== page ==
Fin'lly he sends for Piddie. They confabbed for a while, and as Piddie comes out he's still explainin' how he's sure he don't know, but most likely Mr. Robert understands all about it.

"Hang what Robert understands!" snaps Old Hickory. "He isn't here, is he? And I want to know now. Torchy, come in here!"

"Yes, Sir," says I, scentin' trouble and salutin' respectful.

"What about these Universal people refusing to renew that Manistee terminal lease?" he demands.

And if he'd asked how many feathers in a rooster's tail I'd been just as full of information. But from what Piddie's drawn by declarin' an alibi, it didn't look like that was my cue.

"Suppose I get you the correspondence on that?" says I, and rushes out after the copybook.

But the results wa'n't enlightenin'. We'd applied for renewal on the old terms, the Universal folks had sent back word that in due course the matter would be taken up, and that's all until this notice comes in that there's nothin' doin'. "Inexpedient under present conditions," was the way they put it.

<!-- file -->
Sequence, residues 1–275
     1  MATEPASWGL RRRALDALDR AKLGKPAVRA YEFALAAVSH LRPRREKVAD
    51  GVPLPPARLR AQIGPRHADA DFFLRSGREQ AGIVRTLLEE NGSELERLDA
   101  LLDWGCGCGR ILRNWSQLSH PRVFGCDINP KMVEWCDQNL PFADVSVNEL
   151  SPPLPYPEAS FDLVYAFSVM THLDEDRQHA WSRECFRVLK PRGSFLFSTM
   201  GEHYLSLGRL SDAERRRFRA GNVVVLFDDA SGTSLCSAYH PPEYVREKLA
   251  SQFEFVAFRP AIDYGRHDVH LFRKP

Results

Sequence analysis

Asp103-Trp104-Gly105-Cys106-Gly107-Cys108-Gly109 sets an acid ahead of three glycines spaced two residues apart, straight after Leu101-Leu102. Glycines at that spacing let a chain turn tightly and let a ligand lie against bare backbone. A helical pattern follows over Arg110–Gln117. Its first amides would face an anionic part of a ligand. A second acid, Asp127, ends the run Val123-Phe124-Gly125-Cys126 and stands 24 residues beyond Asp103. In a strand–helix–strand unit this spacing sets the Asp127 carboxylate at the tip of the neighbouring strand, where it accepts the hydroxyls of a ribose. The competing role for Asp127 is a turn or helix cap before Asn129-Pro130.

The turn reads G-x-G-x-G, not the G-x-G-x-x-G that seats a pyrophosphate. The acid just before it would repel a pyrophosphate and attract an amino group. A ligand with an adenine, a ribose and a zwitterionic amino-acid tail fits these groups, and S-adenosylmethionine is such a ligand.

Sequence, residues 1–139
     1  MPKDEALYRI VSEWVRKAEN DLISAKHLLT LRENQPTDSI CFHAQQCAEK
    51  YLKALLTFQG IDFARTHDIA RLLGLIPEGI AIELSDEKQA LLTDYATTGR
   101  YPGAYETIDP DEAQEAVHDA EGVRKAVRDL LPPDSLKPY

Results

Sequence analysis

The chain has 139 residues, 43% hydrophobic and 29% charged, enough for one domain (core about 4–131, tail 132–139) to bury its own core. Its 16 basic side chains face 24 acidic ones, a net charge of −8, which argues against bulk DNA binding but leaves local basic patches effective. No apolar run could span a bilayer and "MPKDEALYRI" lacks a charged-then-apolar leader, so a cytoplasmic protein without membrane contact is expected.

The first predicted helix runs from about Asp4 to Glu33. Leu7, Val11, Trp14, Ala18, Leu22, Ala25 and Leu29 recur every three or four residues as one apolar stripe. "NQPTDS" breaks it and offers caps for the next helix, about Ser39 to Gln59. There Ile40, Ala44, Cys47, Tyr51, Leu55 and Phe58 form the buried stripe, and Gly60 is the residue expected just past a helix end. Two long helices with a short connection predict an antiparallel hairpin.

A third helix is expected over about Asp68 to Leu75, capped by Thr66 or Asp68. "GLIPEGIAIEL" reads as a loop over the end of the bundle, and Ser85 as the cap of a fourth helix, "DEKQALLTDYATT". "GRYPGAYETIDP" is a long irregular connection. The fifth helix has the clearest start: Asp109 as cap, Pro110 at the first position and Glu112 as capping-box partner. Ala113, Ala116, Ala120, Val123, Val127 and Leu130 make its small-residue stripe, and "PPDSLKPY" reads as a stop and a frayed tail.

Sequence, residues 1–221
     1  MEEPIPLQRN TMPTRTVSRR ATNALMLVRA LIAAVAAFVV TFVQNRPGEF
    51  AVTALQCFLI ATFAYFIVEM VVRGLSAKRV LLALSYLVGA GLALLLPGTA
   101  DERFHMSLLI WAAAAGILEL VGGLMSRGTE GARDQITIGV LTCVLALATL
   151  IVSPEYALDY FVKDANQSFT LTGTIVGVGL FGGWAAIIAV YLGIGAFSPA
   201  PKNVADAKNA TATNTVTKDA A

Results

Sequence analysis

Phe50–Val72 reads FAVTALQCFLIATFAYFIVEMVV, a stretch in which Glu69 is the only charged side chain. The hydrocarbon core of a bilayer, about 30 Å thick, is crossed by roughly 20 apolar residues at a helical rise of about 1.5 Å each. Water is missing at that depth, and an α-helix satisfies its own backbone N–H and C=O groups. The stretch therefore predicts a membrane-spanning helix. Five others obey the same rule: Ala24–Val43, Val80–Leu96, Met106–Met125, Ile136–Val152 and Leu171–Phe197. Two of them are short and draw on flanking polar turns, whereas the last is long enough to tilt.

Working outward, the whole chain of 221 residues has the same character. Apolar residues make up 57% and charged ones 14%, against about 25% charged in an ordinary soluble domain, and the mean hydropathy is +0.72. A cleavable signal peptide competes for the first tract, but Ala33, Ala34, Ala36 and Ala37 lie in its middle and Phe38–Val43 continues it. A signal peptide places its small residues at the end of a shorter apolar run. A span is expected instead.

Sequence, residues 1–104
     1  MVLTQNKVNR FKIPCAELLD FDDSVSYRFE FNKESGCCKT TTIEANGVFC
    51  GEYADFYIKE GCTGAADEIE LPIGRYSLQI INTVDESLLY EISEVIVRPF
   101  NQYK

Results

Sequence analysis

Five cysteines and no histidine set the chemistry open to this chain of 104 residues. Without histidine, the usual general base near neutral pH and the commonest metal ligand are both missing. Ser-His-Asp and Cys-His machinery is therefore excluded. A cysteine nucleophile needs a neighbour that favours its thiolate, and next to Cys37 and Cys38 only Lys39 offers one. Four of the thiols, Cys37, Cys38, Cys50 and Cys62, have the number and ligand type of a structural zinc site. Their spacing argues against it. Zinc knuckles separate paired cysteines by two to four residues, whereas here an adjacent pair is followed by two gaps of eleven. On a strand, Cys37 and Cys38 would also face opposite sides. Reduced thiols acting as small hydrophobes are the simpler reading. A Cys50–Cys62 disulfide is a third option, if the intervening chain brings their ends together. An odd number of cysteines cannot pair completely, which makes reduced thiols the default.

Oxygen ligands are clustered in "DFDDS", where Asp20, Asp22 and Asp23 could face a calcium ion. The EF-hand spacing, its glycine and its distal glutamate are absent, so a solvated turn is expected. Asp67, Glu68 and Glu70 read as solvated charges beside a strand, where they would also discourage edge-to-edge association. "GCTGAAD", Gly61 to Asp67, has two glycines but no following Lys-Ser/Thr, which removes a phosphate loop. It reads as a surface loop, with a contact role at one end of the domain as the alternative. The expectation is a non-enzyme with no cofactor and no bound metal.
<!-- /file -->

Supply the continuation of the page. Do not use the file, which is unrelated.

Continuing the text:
"I expect Mr. Robert will be back Monday," I suggests cautious.

"Oh, do you?" raps out Old Hickory. "And meanwhile this lease expires to-morrow noon, leaving us without a foot of ore wharf anywhere on the Great Lakes. What does Mr. Robert intend to do then—transport by aeroplane? Just asked pleasant and polite for a renewal, did he? And before I could make 'em grant the original I all but had their directors strung up by the thumbs! Hah!"

He settles back heavy in his chair and sets them cut granite jaws of his solid. He don't look so much like an invalid, after all. There's good color in his cheeks, and behind the droopy lids you could see the fighting light in his eyes. He glances once more at the letter.

"Hello!" says he. "I thought their main offices were in Chicago. This is from Broadway, International Utilities Building. Perhaps you can tell me what they're doing down there?"

"Subsidiary of I. U.," says I. "Been listed that way all summer."